'Service learning' brings FHSU students into the lives of the people of Hays and northwest Kansas
05/22/2003

HAYS, KS -- People who live in Hays and surrounding communities experience Fort Hays State University in varying ways. Some become part of the university by enrolling and attending classes. Some visit the campus to attend concerts, plays and athletic events. Others enjoy economic benefits by providing real estate, goods and services to FHSU students, faculty and staff.

However, even those who never set foot on the campus and never interact directly with university people likely have been touched in some way through a teaching approach called "service learning."

It may be agriculture students planting flowers along Main Street, leadership studies students conducting research for civic projects, education students tutoring children in the neighborhood schools, or English students writing news releases and newsletters for area agencies. Service learning takes many forms and extends across the university's academic disciplines. Other recent service-learning projects by FHSU students include building and refurbishing playgrounds, assisting in establishing a local chapter of Big Brothers/Big Sisters and participating in the effort to renovate downtown Hays.

With the creation of FHSU's Center for Civic Leadership last year, the university's chief academic officer, Dr. Larry Gould, saw an opportunity to promote and facilitate more service learning between the FHSU campus and the community. He established the FHSU Service-Learning Committee, chaired by Christie Brungardt, instructor of leadership studies, to coordinate the university's efforts and increase opportunities for service learning.

Dr. Edward H. Hammond, FHSU president, also has encouraged service learning. In the spring 2003 semester, Kansas became the 30th state to join the growing national trend toward service learning by creating the Kansas Campus Compact, which supports participation by students and their schools in community and public service. Brungardt said that by forming the compact, Hammond and 15 other presidents from around the state provided leadership to guide their institutions down the path toward increased civic responsibility and community service.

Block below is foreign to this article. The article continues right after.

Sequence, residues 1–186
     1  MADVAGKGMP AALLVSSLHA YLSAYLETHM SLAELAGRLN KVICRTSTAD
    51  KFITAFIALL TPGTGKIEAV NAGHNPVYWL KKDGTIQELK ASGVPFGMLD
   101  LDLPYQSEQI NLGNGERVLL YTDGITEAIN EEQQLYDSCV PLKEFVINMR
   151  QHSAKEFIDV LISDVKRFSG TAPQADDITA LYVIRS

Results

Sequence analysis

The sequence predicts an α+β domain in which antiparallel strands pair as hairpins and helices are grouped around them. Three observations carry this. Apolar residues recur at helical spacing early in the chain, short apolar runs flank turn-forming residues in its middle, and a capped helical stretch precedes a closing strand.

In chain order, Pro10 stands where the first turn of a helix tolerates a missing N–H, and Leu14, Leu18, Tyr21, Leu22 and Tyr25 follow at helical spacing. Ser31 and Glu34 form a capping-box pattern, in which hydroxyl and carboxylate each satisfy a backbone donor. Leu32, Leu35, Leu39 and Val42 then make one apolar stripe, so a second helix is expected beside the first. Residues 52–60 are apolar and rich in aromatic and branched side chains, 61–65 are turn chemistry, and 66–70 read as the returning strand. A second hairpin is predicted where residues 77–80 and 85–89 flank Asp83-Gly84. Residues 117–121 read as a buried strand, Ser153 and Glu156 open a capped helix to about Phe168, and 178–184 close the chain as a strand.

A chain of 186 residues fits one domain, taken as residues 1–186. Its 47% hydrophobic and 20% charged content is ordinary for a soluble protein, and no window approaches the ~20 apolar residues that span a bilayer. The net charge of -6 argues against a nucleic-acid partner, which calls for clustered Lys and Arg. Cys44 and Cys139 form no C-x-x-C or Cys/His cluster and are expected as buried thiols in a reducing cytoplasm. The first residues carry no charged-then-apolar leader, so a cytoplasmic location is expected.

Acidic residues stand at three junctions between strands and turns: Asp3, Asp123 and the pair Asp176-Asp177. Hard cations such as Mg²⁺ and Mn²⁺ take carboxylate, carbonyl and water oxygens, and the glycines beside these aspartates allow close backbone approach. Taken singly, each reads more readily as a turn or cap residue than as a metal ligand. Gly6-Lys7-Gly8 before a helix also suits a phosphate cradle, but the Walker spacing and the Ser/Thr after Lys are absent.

"Service learning is a teaching and learning methodology that is meant to be used as a teaching tool, not merely as an add-on to a course," Brungardt explained. "It means getting students involved outside the classroom to enhance their learning and growth while also benefiting the community. In addition to acting outside the classroom, students must also reflect on their actions. The experience is closely related to the academic goals of the class."

She said that all service-learning projects must incorporate four elements:

1. Preparation. The goals must be stated. The student plays a valuable role by identifying community needs and planning the project, which contributes both to the student's learning and to the community.

2. Experience. The project must involve interaction between the student and a real-life problem.

3. Reflection. The student analyzes and draws lessons from the experience.

4. Assessment. The student assesses the results in terms of the goals that were established for the project.

Members of the FHSU Service-Learning Committee represent a cross-section of FHSU's academic departments. Besides Gould and Brungardt, they include: Dr. Cheryl Duffy, associate professor of English; Joe Chretien, assistant professor of technology studies; Sharon Wilson, instructor of English; Dr. Charles Gnizak, assistant professor of business administration; Lynn Maska, instructor of health and human performance; Dr. Debbie Mercer, assistant professor of teacher education; Michael Walker, instructor of sociology and research scientist for the Docking Institute of Public Affairs; Dr. Tom Jackson, dean of graduate studies and research; and student Lyndsey Schaffer, a business education junior from Dodge City.

"The committee members have been aggressive in their commitment to expand service-learning opportunities," Brungardt said. "Provost Gould told us he especially wanted to see service learning expanded into our Virtual College offerings. We have already been doing that in the Leadership Studies Department, and Sharon Wilson teaches a course through the English Department that has a service-learning component."

FHSU's Virtual College makes a college education accessible via the Internet and other mediated forms of instruction to place-bound students across western Kansas and beyond. Service learning presents different but not insurmountable challenges for these distance education students, Brungardt said.



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